3. Must we pray that God would ease us of the burden of sin? Yes: Take away all iniquity, Hos. 14:2. And that he would cleanse us from the filth of sin? Yes: Wash me thoroughly from mine iniquity, Ps. 51:2. And cure us of the wounds of sin? Yes: Heal my soul, for I have sinned against thee, Ps. 12:4. And save us from the punishment of sin? Yes: I will say unto God, do not condemn me, Job 10:2.
4. Must we pray to God to give us that grace which will qualify us for pardon? Yes: for Christ is exalted to give repentance and remission, Acts 5:31. And that he would give us the comfort of our pardon? Yes: Make me to hear joy and gladness, Ps. 51:8. And must we, in order hereunto, be particular in confessing sin? Yes: Declare, that thou mayest be justified, Isa. 43:26.
5. Must we forgive those who have provoked us? Yes: forbearing one another, and forgiving one another, if any man have a quarrel against any, Col. 3:13. Must we bear them no malice? No: Grudge not one against another, brethren, lest ye he condemned, Jam. 5:9. Must we be ready to be reconciled to them? Yes: When ye stand praying, forgive if ye have ought against any, Mark 11:25. Should we be merciful to those that we have advantage against? Yes: Thou shouldest have had compassion on thy fellow-servant as I had pity on thee, Matt. 18:33. Is this required to qualify, us for the pardon of sin? Yes: If Ye forgive men their trespasses, your heavenly Father will also forgive you, Matt. 6:14. Will God forgive those that do not forgive? No: If ye forgive not men their trespasses, neither will your Father forgive yours, verse 15.
- Matthew Henry

03 November 2008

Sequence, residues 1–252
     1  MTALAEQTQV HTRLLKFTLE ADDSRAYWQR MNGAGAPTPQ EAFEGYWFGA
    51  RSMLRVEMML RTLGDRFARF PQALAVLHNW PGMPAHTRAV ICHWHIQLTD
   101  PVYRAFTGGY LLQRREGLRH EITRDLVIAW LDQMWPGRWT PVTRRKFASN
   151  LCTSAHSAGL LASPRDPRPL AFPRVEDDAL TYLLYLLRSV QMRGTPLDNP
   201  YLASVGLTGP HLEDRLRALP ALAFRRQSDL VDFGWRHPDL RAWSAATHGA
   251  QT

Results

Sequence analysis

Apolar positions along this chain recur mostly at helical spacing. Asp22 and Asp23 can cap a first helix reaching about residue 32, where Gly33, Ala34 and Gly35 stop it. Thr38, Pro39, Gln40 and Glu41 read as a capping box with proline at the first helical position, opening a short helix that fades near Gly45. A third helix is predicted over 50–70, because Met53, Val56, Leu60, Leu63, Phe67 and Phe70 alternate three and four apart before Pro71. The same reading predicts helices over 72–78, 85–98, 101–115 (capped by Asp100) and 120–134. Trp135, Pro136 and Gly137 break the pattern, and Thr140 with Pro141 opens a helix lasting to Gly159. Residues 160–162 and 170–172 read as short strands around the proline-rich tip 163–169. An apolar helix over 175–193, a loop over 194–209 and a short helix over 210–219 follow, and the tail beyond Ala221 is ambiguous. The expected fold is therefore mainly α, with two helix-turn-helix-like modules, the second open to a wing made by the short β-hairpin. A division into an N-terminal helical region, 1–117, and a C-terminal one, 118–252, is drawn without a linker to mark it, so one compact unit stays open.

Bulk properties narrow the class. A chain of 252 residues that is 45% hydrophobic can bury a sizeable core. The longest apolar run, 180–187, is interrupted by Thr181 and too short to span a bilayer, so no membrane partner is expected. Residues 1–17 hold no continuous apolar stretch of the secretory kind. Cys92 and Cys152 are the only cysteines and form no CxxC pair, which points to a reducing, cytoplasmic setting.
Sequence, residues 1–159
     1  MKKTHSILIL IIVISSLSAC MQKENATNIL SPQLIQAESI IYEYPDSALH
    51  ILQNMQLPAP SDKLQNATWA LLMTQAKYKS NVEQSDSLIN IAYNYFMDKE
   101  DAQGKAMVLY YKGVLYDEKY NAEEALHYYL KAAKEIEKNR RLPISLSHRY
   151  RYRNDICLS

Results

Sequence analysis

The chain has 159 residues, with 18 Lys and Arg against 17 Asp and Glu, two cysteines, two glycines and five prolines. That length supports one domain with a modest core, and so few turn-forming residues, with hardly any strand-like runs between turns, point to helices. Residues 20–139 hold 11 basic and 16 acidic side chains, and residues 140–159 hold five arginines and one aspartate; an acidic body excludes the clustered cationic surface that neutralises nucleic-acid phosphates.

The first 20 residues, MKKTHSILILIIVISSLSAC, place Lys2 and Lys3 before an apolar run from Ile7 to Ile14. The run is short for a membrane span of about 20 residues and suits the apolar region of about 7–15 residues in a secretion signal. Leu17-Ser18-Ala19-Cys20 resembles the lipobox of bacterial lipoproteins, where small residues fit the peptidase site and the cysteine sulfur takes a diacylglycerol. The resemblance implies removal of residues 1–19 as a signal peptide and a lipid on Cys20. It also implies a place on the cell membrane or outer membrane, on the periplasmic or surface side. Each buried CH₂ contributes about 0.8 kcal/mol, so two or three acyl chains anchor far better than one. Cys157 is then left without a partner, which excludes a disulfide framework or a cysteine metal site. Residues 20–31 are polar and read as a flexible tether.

Stormy Monday

Yeah, its storming here right now but that's not what this post is about. Have you been reading Getting the Blues by Stephen Nichols? He refers to the blues tune Stormy Monday. "....But Sunday I go to church and I kneel down to pray." Here is T-Bone Walker's rendition of Stormy Monday. It just doesn't get any better than this.

02 November 2008

Psalm 119:9-16

Wherewithal shall a young man cleanse his way? by taking heed thereto according to thy word.
With my whole heart have I sought thee: O let me not wander from thy commandments.
Thy word have I hid in mine heart, that I might not sin against thee.
Blessed art thou, O LORD: teach me thy statutes.
With my lips have I declared all the judgments of thy mouth.
I have rejoiced in the way of thy testimonies, as much as in all riches.
I will meditate in thy precepts, and have respect unto thy ways.
I will delight myself in thy statutes: I will not forget thy word.

Meditation is something that often eludes us. This Lord's Day, let's strive to meditate on God's Word and remember the ultimate sacrifice and rejoice in what He has done for us.